Nikon Coolpix 8400By: Shawn Barnett & Dave Etchells
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8400 Imatest ResultsReview First Posted: 09/16/2004, Updated: 12/13/2004
Detailed analysis of the Nikon Coolpix 8400 images, from Imatest(tm)
I've recently begun using Norman Koren's excellent "Imatest" analysis program for quantitative, thoroughly objective analysis of digicam test images. I highly commend it to our technically-oriented readers, as it's far and away the best, most comprehensive analysis program I've found to date. (And with an introductory price of only $59, it's hard to beat.)
My comments below are just brief observations of what I see in the Imatest results. A full discussion of all the data Imatest produces is really beyond the scope of this review: Visit the Imatest web site for a full discussion of what the program measures, how it performs its computations, and how to interpret its output.
Here's some of the results produced by Imatest for the Nikon Coolpix 8400:
Like most consumer/prosumer cameras, and even many SLRs, the Nikon 8400 tends
to oversaturate colors somewhat. The 8400 differs though, in that it doesn't
oversaturate pure reds quite as much as most, but oversaturates strong blues
more than average. Bright greens are also quite strong. The overall effect
in its images isn't bad, but its colors do appear a bit more intense than
average. On average, color saturation of swatches on the MacBeth ColorChecker(tm)
chart are 116.1% of their ideal values. (An average oversaturation of 16.1%.)
These images show the color behavior of the Nikon Coolpix 8400 directly. In
each color swatch, the outer perimeter shows the color as actually captured
by the camera, the inner square shows the color after correcting for the luminance
of the photographed chart (as determined by a 2nd-order curve fit to the values
of the gray swatches), and the small rectangle inside the inner square shows
what the color should actually be, based on perfect rendering to the sRGB color
spacer. From this plot, we can see that the Nikon 8400 not only boosts saturation
somewhat, but renders highly-saturated colors somewhat brighter than they are
in real life. As noted above, the net result in its photos isn't unappealing
(depending of course on your tastes), but there's no question that its colors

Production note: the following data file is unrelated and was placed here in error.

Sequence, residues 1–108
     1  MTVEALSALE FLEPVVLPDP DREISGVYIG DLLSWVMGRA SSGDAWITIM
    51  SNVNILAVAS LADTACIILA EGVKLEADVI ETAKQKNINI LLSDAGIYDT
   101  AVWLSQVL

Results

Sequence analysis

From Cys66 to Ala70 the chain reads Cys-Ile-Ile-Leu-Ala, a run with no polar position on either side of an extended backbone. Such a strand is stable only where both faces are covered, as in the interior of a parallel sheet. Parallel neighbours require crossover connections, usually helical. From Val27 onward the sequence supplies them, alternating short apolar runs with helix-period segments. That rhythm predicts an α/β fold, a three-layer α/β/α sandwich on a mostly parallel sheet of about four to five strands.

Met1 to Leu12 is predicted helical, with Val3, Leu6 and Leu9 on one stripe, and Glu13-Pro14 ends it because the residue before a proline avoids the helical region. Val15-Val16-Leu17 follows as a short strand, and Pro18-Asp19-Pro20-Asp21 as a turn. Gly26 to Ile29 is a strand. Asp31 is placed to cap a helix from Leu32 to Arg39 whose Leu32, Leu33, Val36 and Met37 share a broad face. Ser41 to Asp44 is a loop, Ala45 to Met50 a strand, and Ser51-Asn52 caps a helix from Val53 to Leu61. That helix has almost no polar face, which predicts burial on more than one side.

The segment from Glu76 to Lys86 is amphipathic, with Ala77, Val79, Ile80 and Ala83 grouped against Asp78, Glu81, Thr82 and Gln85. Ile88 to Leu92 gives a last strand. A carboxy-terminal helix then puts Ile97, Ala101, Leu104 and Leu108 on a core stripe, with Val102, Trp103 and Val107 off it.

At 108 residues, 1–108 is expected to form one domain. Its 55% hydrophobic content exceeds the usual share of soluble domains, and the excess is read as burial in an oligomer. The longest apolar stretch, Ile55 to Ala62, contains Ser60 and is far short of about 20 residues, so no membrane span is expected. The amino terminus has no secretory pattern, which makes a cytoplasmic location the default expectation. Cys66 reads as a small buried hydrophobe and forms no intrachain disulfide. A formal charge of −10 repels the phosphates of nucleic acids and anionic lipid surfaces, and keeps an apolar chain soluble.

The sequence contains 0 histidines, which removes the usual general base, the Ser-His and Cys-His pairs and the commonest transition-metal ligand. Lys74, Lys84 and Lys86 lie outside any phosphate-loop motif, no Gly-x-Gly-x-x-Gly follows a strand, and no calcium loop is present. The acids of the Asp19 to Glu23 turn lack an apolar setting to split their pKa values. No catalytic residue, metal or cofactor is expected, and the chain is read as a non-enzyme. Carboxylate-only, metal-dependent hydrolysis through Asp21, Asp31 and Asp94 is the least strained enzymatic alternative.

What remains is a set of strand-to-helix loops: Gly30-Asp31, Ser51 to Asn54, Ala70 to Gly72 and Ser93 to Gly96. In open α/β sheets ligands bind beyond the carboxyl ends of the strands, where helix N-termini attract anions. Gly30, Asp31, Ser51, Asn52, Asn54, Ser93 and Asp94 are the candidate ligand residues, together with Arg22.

are a fair bit brighter than average. (It's interesting to note though, that
less-saturated colors are rendered much more accurately. This helps the camera
do a good job on skin tones, not over-emphasizing reds or yellows as do some
cameras with "hot" color rendering.)
Gray Patch Tone and Noise Analysis
There's a lot in this particular graph, a lot more than I have room to go into
here. Bottom line, the Coolpix 8400's noise levels are quite low at ISO 50,
with significant high-frequency content, which gives the noise a very fine-grained
characteristic that minimizes its visual impact. (You can see the high-frequency
nature of its noise by the gentle slope on the Noise Spectrum plot above.)
I don't usually bother showing a second noise graph for the cameras I test, but in the case of the Nikon 8400, I thought it would be instructive. At higher ISOs, its noise develops a much coarser "grain" pattern, making it much more objectionable. What's interesting here is that the Imatest Noise Spectrum plot above shows this quite directly, with more of a bulge on the left (low frequency) side of the graph, and a more rapid falloff on the right (high frequency) side.
This chart compares the Nikon Coolpix 8400's noise performance over a range
of ISOs against that of competing cameras. As you can see, the Nion 8400 and
Sony DSC-F828 have very similar performance. (The 8400's big brother, the Coopix
8800 is also shown on this plot. As you can see, the 8400's noise levels are
slightly lower than those of the 8800 at low ISOs, slightly higher at ISO 400.)
The Olympus C-8080 and Konica Minolta DiMAGE A2 both show lower noise magnitudes.
What this plot doesn't show though, is how the cameras are achieving
their noise levels. In the case of the 8080 and A2, both cameras use more aggressive
noise-suppression processing than do the Nikon 8400 or Sony F828. The result
is that their noise levels are lower, but they lose more detail in image areas
with subtle contrast.
The chart above shows consolidated results from spatial frequency response
measurements in both the horizontal and vertical axes. The "MTF 50"
numbers tend to correlate best with visual perceptions of sharpness, so those
are what I focus on here. The uncorrected resolution figures are 1380 line widths
per picture height in the horizontal direction (corresponding to the vertically-oriented
edge), and 1391 along the vertical axis (corresponding to the horizontally-oriented
edge), for a combined average of 1386 LW/PH. Correcting to a "standardized"
sharpening with a one-pixel radius increases this number slightly, to an average
of 1519 LW/PH, a very good number. (Very slightly lower resolution than I found
with the Coolpix 8800, which came in at a corrected average of 1559 LW/PH.)
For the real techno-geeks, the two plots below show the actual edge response of the 8400, for horizontal and vertical edge. What's interesting in these plots is how restrained the 8400's default sharpening is, and how little it disturbs the underlying image detail.